Managing blood glucose levels is crucial for various reasons, including diabetes prevention and management, energy balance, hunger and weight management, heart health, and overall well-being (cognitive clarity and memory, mood, perceived "energy"). By keeping blood glucose within a healthy range, individuals can optimize their health and reduce the risk of developing chronic conditions.  - ChatGPT (with tweaks)

A lot of broad statements there, but ultimately it's fairly simple.

Our body's ability to effectively manage glucose is pivotal. 

Poor management can lead to  deprivation of glucose to cells, leading to cell damage and eventually cell death.

Or where excessive glucose present may cause undesireable glycation,  (bonding of sugars to proteins, DNA, or fats) creating what are now known as AGE's (Advanced Glycalated End products) which alters or prevents function of that original structure.
Think sugar gumming up the gears of the engine. That's going to lead to all sorts of malfunction and encourage further damage.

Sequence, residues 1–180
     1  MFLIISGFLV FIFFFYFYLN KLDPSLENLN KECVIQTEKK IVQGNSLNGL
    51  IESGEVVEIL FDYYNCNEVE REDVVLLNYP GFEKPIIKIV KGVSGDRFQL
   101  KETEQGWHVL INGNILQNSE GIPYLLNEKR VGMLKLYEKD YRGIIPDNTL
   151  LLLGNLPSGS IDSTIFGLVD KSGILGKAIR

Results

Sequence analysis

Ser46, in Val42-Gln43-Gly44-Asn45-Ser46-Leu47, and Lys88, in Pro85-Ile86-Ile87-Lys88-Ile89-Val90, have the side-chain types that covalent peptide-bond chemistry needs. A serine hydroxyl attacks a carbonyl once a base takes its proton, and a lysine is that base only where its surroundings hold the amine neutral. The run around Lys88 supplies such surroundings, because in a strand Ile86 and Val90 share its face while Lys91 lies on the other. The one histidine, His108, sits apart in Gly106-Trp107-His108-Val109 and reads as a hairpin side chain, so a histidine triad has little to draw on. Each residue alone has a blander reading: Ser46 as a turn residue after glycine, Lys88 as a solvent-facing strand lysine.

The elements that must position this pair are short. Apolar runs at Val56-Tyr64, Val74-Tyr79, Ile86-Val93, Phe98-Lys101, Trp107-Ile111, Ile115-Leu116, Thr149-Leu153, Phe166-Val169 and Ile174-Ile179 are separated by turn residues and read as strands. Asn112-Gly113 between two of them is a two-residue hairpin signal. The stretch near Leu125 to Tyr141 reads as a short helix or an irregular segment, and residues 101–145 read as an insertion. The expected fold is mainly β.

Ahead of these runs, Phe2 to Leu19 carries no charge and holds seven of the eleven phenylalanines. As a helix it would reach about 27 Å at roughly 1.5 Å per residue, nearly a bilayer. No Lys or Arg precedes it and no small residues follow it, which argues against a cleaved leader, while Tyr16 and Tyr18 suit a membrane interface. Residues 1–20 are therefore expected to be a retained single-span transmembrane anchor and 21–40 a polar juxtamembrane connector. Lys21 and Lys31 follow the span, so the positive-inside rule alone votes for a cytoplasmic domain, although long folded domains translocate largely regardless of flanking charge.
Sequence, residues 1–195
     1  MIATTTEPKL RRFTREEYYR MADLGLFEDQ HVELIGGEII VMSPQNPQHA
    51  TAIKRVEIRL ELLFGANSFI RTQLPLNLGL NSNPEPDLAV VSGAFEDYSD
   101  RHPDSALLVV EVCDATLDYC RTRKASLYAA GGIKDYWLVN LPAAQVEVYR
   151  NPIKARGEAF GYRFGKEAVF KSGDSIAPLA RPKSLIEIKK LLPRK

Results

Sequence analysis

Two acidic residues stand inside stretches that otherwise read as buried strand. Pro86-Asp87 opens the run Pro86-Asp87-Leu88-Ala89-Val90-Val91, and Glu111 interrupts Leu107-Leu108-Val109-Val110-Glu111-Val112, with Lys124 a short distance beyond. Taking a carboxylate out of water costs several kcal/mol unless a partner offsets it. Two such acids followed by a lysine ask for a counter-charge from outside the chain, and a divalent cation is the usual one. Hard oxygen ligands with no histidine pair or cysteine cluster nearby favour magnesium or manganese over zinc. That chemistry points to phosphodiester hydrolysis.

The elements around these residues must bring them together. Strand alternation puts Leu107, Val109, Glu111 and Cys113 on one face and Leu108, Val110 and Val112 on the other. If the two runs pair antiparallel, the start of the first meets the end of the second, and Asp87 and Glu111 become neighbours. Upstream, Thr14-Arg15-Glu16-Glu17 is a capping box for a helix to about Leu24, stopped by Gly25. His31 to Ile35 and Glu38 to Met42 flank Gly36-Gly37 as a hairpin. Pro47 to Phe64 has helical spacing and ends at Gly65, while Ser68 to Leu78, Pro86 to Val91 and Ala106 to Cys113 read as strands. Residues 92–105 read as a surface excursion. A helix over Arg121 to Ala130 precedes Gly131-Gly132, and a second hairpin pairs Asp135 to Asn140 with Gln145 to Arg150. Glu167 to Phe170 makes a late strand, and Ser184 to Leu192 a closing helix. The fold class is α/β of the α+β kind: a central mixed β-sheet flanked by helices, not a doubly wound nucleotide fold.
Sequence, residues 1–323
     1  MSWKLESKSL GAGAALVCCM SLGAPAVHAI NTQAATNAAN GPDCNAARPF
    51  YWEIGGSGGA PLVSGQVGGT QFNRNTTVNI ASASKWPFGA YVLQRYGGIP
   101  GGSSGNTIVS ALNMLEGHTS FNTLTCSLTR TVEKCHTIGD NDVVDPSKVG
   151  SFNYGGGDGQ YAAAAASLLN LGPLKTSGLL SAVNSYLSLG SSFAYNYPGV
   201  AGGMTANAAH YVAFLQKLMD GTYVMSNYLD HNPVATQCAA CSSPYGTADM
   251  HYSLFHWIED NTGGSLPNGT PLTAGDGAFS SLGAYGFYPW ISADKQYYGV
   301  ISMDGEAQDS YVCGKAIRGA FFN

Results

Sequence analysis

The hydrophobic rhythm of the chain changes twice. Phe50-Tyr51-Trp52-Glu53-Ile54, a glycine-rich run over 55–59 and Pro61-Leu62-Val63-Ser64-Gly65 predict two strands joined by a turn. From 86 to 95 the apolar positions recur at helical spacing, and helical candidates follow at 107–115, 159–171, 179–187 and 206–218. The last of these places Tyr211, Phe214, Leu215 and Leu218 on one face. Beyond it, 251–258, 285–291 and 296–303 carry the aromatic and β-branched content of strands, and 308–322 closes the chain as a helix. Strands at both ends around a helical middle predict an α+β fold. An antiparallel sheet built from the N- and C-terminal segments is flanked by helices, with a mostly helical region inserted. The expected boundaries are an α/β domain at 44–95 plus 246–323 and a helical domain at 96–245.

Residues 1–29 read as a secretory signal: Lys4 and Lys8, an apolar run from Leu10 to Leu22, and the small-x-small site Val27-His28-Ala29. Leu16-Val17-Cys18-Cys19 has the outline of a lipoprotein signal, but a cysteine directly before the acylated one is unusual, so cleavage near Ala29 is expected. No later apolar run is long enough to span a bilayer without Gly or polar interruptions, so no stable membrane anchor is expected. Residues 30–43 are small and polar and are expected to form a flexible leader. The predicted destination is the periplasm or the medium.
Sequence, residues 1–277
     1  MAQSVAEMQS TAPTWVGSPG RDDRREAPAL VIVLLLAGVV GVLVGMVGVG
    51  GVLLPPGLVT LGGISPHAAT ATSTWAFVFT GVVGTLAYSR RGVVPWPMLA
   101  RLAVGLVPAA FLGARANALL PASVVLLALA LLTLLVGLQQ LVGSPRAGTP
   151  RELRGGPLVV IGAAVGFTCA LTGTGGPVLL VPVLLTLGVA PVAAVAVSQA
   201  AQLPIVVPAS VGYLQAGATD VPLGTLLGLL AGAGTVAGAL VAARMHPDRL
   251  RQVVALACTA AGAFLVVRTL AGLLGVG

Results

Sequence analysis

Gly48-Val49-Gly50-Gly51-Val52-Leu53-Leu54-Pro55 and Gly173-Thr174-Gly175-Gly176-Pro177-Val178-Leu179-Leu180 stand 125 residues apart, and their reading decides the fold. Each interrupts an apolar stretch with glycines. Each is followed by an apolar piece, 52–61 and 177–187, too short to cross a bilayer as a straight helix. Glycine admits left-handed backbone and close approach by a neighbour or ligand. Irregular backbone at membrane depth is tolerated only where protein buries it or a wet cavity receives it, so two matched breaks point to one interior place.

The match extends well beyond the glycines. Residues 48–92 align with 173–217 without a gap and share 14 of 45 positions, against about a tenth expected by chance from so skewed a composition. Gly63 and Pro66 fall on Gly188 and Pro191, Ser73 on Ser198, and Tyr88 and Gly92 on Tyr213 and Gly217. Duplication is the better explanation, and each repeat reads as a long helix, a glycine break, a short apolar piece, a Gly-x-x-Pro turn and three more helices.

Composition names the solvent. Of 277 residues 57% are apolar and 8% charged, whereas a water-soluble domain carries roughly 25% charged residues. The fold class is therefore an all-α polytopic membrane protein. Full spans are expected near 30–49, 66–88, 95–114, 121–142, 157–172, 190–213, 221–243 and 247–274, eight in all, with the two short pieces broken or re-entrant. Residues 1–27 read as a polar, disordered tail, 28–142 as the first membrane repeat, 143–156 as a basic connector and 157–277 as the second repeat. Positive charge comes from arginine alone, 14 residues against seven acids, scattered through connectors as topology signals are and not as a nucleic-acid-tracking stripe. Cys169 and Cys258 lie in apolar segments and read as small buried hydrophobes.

So here we can understand that either of these situations will lead to both functional issues at the time by:

  • the cell doesn't have the fuel to do the job, therefore cannot perform temporarily;
  • the structures of the cell have been modified/damaged, therefore cannot perform at all;

And on a very relatable level, both excess, lack of glucose, or unpredictable swinging tends to result in a neurotransmitter and hormonal cascade promoting feelings of tiredness, anxiousness and poor cognitive function. 

There's a lot of different theories going about right now as to what exactly is the ideal way to manage glucose, how much it should be kept down and how much it should be allowed to rise. Or what sort of challenges should be thrown at it to maintain flexibility ecetera.
But a general rule that seems consistent however is that smoother increases and decreases in glucose (like rolling hills as opposed to mountains and valleys) tend to be associated with better health and performance outcomes. So less quick sugar dumping and massive insulin stimulation - or exogenous injection in many cases.